ably not serve an entire year in prison. Cater will probably serve about 90 days, starting immediately, McGraw said. “He got a break, it’s his fi rst offense,” McGraw said. “He’s got potential to be a lot more than a burglar, and the judge wanted to give him an opportunity.” McGraw said Cater will enter a special program in which he will only be in prison for a short period of time, and it is hoped he will never want to return. Cater will head straight to a special facility,
SEE CATER PAGE 8
Students evacuated from Life Sciences Complex on Tuesday By Debbie Truong ASST. NEWS EDITOR
The Life Sciences Complex ventilation system shut off unexpectedly around 9:20 p.m. Tuesday, causing a building-wide evacuation. The Energy Systems and Sustainability Management department, which oversees the ventilation system, alerted the Department of Public Safety of the issue, said DPS Chief Tony Callisto. The Syracuse Fire Department was noti-
fied of the shutoff shortly after it occurred. Callisto said it appeared no dangerous chemicals leaked into the air. Students in professor Nancy Totah’s “Chemistry 276: Organic Chemistry Laboratory” class were conducting a “relatively standard experiment” when the emergency alarms sounded and the class was told by a volunteer fi refighter to evacuate, said Patrick Beebe, a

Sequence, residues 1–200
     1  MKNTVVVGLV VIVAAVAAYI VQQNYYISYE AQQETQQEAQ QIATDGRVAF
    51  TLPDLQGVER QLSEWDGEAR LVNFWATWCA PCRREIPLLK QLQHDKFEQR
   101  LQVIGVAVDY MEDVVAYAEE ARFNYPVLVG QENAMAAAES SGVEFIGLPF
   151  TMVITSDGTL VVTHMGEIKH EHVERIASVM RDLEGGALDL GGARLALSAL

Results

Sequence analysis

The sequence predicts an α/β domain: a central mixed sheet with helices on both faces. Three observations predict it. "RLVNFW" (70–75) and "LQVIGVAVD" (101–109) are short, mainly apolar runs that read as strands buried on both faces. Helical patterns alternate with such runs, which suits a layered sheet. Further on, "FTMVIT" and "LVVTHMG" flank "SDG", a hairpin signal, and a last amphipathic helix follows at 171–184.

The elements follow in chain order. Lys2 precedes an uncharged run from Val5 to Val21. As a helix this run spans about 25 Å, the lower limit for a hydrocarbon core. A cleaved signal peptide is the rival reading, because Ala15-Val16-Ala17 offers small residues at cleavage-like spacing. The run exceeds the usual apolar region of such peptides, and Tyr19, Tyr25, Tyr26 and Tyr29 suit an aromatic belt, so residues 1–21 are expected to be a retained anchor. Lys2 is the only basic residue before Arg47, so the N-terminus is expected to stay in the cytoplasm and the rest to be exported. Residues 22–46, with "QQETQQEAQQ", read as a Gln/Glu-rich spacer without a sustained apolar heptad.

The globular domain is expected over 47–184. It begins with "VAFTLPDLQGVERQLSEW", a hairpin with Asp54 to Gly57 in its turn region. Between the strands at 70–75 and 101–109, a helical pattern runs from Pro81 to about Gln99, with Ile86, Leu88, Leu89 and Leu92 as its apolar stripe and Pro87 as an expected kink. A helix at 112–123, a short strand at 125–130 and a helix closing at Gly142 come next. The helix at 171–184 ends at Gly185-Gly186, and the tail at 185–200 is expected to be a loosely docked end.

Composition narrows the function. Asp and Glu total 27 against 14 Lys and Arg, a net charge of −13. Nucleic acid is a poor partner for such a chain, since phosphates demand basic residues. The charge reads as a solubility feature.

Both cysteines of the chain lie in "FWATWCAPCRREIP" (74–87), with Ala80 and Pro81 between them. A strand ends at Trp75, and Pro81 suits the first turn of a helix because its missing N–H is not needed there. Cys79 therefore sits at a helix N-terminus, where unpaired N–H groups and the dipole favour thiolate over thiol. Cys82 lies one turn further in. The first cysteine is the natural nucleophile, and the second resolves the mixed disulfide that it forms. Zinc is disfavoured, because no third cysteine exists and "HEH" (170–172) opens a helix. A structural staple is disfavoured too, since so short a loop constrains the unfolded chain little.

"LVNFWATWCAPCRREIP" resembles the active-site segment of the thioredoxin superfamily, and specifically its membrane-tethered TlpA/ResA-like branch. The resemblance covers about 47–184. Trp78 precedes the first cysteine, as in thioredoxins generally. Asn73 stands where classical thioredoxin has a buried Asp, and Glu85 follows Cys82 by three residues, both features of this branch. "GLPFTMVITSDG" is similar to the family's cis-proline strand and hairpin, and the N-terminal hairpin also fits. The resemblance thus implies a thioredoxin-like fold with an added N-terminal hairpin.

SEE LIFE SCIENCES PAGE 6
Institute receives $6.2 million grant for leadership By Liz Sawyer ASST. NEWS EDITOR
The Burton Blatt Institute at Syracuse University received a $6.2 million grant from the U.S. Department of Education’s National Institute on Disability and Rehabilitation Research, according to a Tuesday BBI news release. The grant will be used to continue BBI’s leadership of the Atlanta-based Southeast ADA Center.
Peter Blanck, a professor in the SU College of Law and BBI chairman, said the grant, which will be dispersed over five years, will enable BBI to advance its work to increase knowledge of the Americans with Disabilities Act in the Southeast. These activities act as a continuation of BBI’s longstanding mission, Blanck said. “In a nutshell, it’s to make people with disabilities, employers and everybody more aware of their rights and
responsibilities under the Americans with Disabilities Act,” Blanck said. The ADA Center is one of 10 regional centers dealing with the ADA and accessible information technology, according to the release. It serves Alabama, Florida, Georgia, Kentucky, Mississippi, North Carolina, South Carolina and Tennessee. The center was established in 1991 and BBI has operated it since 2006, according to